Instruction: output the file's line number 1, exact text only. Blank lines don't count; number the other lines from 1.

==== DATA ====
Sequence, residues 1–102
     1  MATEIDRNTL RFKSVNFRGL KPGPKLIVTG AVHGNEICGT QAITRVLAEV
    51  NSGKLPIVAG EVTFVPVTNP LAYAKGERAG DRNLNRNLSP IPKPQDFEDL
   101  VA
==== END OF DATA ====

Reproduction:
Sequence, residues 1–102